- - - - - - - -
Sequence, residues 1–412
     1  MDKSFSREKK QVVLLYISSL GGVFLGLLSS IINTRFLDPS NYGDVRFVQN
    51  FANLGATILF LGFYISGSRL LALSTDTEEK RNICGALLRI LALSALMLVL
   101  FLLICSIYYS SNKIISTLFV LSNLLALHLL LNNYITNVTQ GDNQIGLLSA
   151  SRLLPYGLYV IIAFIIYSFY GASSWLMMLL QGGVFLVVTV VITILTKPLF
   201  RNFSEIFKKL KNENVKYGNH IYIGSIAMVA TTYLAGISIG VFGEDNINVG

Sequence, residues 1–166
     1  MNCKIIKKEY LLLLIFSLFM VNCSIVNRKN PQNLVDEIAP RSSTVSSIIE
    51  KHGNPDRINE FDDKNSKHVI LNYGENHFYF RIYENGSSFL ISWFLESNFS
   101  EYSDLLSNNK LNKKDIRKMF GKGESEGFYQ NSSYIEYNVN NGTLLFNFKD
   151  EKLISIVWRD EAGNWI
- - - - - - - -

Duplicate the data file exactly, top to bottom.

Sequence, residues 1–412
     1  MDKSFSREKK QVVLLYISSL GGVFLGLLSS IINTRFLDPS NYGDVRFVQN
    51  FANLGATILF LGFYISGSRL LALSTDTEEK RNICGALLRI LALSALMLVL
   101  FLLICSIYYS SNKIISTLFV LSNLLALHLL LNNYITNVTQ GDNQIGLLSA
   151  SRLLPYGLYV IIAFIIYSFY GASSWLMMLL QGGVFLVVTV VITILTKPLF
   201  RNFSEIFKKL KNENVKYGNH IYIGSIAMVA TTYLAGISIG VFGEDNINVG

Sequence, residues 1–166
     1  MNCKIIKKEY LLLLIFSLFM VNCSIVNRKN PQNLVDEIAP RSSTVSSIIE
    51  KHGNPDRINE FDDKNSKHVI LNYGENHFYF RIYENGSSFL ISWFLESNFS
   101  EYSDLLSNNK LNKKDIRKMF GKGESEGFYQ NSSYIEYNVN NGTLLFNFKD
   151  EKLISIVWRD EAGNWI